Collaborative Leadership

The most successful organizations are led by successful leaders.  The most successful organizations are led by, not one, but many leaders.  These leaders form a team.  It is through the collaboration of the members of team that success can be found.  However, working together as a team, especially a team of leadership personalities, is not always easy.  Multiple ideas, conflicting agendas, and varied perspectives can all get in the way of decisions that must be made to ensure organizational success.

Bobsleigh team, by Tyler Ingram

In the book, Teams That Thrive, Ryan Hartwig and Warren Bird describe 5 disciplines required for collaborative leadership.

  1. Focus on purpose.
  2. Leverage differences in team members.
  3. Rely on inspiration more than control.
  4. Intentionally structure the decision making process.
  5. Build a culture of continuous collaboration.
Purpose is the true leader of the organization. Collaborative leadership works when everyone is focused on the organizations purpose, and not personal agenda.

Each team member brings a different skill, different life experience, and different perspective to the team.  Utilize these to make the team stronger and "rounded out".

By maintaining focus on the organizations purpose and team strengths, the team will create its own inspirational force. Rely on this, not command and control tactics.

Make sure all team members understand how decisions will be made.  Follow the same process for every decision.

Do all team members feel that they can discuss issues and decisions openly? Keep this communication line open.  For more on this subject, you must listen to Richard Ryerson's podcast, "No Egos in the Cockpit".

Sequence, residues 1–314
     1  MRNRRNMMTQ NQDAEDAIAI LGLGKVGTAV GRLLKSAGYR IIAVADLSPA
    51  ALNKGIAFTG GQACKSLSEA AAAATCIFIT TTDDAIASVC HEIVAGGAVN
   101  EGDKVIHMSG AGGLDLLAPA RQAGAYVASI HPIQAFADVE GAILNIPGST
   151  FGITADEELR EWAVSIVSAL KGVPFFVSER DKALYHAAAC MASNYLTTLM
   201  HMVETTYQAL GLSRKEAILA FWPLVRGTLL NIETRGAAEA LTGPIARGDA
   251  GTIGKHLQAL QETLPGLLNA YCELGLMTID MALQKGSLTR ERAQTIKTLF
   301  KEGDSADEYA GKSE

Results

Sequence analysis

By instituting these five disciplines into our teams and leadership we can finally accomplish what Vanilla Ice always wanted, "...stop, collaborate, and listen".

Determining Alternate Power Needs (for electric pumps)

I was recently involved with a project concerning a structure in which the fire sprinkler flow requirements could not be met with the municipal water supply.  The fix for this is the installation of a fire pump.  In this instance the design called for an electric motor-driven fire pump.  The question to me was, "Is an alternate source of power required? If so, how can it be supplied, and what criteria must be met?"

Photo by, Crawfish Head

NFPA 1, Fire Code, section refers to NFPA 20 and NFPA 1:13.4 for pump installation requirements.  NFPA 1: requires the approval of all pump installations. 

NFPA 20, Standard for the Installation of Stationary Pumps for Fire Protection does not “intend to require a backup source of power for every installation using an electric motor-driven fire pump”. [NFPA 20:A.9.3.2(2)]  An alternate source of power is required only under one of the following conditions:
  • Normal power source is not reliable (as defined in NFPA 20:A.9.3.2)
  • Building height exceeds pumping capacity of fire department apparatus
  • No back-up pump is installed
Questions for alternate pump determination:
  1. Is the structure within the pumping capacity of the local fire department apparatus?
  2. Is the electric-motor driven pump connected to a “reliable” power source?
  3. Will a back-up pump be installed?
If it is determined that an alternate power supply is required, the power supply shall come from one of the following:
  • shall be provided with a generator (in accordance with section 9.6)
  • be connected to a power source independent of normal power (in accordance with section 9.2).
If a generator is to be used as the alternate power source its fuel capacity must be sufficient enough to provide 8 hours of operation at 100% of rated pump capacity.